Why is it so hard to look them in the eye?

There is an ongoing debate about why people with autism avoid eye contact.  There is data to support both, but as this behavior emerges very early, it’s important to look at data from preverbal children to understand the origins of changes in eye contact.  Many scientists also feel that avoiding eye contact snowballs over the lifespan and deprives people with autism from developing social skills.  Infants don’t even know why they avoid eye contact so at the Marcus Autism Center in Atlanta, researchers are using eye tracking technology to answer this question.  The findings have clear implications for early intervention strategies.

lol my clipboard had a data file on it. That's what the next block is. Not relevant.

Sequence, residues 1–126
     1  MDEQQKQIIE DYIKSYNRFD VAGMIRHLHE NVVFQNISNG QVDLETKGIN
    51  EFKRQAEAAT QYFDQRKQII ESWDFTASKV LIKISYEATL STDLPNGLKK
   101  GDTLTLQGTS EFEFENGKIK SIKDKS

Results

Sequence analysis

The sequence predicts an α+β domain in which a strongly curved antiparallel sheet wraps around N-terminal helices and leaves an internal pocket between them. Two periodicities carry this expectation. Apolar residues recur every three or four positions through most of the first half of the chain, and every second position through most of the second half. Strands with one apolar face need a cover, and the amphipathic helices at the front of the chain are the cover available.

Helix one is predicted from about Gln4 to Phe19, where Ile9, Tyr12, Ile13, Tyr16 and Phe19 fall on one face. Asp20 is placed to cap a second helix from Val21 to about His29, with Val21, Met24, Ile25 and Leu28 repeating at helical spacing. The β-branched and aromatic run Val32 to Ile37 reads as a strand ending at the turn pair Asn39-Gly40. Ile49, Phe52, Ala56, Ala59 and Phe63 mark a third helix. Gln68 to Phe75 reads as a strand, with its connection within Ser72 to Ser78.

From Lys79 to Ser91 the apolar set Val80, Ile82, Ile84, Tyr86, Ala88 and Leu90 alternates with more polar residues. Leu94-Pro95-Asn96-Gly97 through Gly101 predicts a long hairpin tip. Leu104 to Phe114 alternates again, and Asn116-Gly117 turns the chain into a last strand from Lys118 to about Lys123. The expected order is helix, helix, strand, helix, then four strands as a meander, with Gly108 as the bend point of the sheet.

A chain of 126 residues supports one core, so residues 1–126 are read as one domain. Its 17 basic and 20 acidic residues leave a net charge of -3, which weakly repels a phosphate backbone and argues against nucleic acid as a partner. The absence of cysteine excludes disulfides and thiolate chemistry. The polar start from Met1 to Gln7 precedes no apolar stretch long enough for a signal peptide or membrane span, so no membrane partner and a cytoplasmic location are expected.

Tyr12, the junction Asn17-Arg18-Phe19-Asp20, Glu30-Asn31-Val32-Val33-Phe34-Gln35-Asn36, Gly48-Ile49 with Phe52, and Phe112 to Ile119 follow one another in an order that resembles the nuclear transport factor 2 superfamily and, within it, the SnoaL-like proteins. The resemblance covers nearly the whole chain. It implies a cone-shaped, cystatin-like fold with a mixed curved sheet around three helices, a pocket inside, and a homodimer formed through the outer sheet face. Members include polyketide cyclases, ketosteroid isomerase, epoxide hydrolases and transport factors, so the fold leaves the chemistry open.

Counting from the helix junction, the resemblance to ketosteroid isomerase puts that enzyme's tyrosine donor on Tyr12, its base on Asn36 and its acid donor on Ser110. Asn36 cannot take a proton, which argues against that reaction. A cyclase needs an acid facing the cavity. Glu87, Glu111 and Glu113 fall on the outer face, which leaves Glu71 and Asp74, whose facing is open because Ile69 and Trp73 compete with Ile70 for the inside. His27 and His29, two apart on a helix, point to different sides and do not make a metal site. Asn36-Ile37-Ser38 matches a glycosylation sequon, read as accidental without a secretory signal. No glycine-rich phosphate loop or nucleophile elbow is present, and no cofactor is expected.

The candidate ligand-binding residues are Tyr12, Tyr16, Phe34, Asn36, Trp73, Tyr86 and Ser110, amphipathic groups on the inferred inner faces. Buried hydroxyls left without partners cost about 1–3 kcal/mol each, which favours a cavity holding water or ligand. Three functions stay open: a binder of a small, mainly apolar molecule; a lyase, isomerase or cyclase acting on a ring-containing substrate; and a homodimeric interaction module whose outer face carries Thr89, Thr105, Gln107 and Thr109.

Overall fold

2 thoughts on “Why is it so hard to look them in the eye?

  1. My opinion is that this is a really bad research design. You cannot assume that eye contact with a person in a video and eye contact with a person in real life is the same thing. Generalizing this is very irresponsible.

    You also cannot assume that since they are making eye contact right now that that means it is ALWAYS not aversive. Maybe it is aversive sometimes and not others. Maybe it is dependent on the person or environmental factors.

    Also, just because they are not making eye contact that doesn’t mean they are not picking up on any social information. Maybe they have other ways of getting that information that we don’t know about.

    As the mother of an autistic toddler, I find this research to be very disappointing. The fact that the Autism Science Foundation thinks this research should influence treatment and intervention is also disappointing.

    Autistic people deserve better than this.

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